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Osteochondral defect of talus
Other Resources UpToDate PubMed

Osteochondral defect of talus

Contributors: Robert Lachky MD, Eric Ingerowski MD, FAAP
Other Resources UpToDate PubMed

Synopsis

An osteochondral defect, or osteochondral lesion, refers to an injury to the joint surface, with damage to the articular cartilage and subchondral bone. These injuries are graded based on size, degree of cartilaginous and bony destruction, and displacement of fragments. They usually occur in the young, active population, but they can occur at any age. These injuries probably occur in many ankle sprains (up to 70%) and are often missed as they may not be seen on x-ray and can only be seen on CT or MRI.

An osteochondral lesion of the tibia may occur after an isolated trauma, or it may occur after repetitive injuries. Symptoms include pain and swelling of the ankle with or without recent injury. Patients usually complain of a "deep" pain in the ankle joint. The pain may be isolated to the medial or lateral aspect of the talar dome or to the medial or lateral aspect of the distal tibia, or the pain may be more diffuse, involving the entire ankle. Mechanical locking / catching symptoms aren't as common as pain but can also be found in this injury. For example, if a patient states that their ankle gets "caught" or locked in a certain position and then they have to shake it loose, this represents a displaced osteochondral fragment getting caught in the tibiotalar joint.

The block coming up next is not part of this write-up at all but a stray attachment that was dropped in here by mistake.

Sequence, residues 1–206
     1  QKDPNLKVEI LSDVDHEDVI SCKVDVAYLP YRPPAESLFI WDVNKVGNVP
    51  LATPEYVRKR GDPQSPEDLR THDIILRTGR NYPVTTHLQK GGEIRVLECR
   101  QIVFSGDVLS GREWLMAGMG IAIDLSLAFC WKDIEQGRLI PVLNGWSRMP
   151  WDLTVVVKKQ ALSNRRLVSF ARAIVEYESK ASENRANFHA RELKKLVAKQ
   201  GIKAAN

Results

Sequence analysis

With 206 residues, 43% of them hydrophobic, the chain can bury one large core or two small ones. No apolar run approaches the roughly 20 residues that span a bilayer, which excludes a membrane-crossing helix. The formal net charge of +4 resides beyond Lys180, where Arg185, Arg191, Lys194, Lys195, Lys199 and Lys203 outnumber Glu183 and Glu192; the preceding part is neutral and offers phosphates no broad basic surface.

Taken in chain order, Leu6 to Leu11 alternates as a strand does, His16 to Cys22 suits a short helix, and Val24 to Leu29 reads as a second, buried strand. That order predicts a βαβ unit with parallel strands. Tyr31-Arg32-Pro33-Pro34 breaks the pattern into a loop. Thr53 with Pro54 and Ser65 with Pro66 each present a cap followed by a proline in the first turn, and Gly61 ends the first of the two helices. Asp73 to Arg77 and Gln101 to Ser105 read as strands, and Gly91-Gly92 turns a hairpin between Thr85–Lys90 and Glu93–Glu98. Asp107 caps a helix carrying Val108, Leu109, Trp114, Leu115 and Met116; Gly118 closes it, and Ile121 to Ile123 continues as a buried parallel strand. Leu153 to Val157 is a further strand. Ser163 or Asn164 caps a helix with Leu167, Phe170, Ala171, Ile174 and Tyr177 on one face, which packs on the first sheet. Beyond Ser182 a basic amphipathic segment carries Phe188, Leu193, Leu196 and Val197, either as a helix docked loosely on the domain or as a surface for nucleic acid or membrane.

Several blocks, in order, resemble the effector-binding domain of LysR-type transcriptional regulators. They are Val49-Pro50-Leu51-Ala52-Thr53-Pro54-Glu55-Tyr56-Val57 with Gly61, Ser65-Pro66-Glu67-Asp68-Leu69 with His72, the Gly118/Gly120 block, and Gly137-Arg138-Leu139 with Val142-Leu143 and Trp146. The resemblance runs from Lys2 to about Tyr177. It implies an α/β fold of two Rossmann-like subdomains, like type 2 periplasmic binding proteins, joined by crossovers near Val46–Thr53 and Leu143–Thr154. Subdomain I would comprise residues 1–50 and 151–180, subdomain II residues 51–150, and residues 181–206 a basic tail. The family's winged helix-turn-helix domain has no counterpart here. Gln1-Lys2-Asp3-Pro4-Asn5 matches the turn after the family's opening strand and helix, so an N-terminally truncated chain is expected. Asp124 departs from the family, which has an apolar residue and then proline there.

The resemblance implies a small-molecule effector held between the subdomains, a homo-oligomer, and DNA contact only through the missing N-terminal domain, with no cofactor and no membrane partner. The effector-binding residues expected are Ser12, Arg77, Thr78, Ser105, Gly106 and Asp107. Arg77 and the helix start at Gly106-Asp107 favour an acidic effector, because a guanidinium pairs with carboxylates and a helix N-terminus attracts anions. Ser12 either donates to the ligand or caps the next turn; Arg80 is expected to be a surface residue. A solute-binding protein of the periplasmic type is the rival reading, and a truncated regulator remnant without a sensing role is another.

Osteochondral lesions of talus are much more common than distal tibia, but they are managed similarly, and patients of all ages should be managed similarly.

Related topics: Ankle injury, Osteochondal defect

Codes

ICD10CM:
M93.279 – Osteochondritis dissecans, unspecified ankle and joints of foot

SNOMEDCT:
203413004 – Osteochondritis dissecans of the talus

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Last Reviewed:08/02/2018
Last Updated:07/20/2021
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Osteochondral defect of talus
Copyright © 2022 VisualDx®. All rights reserved.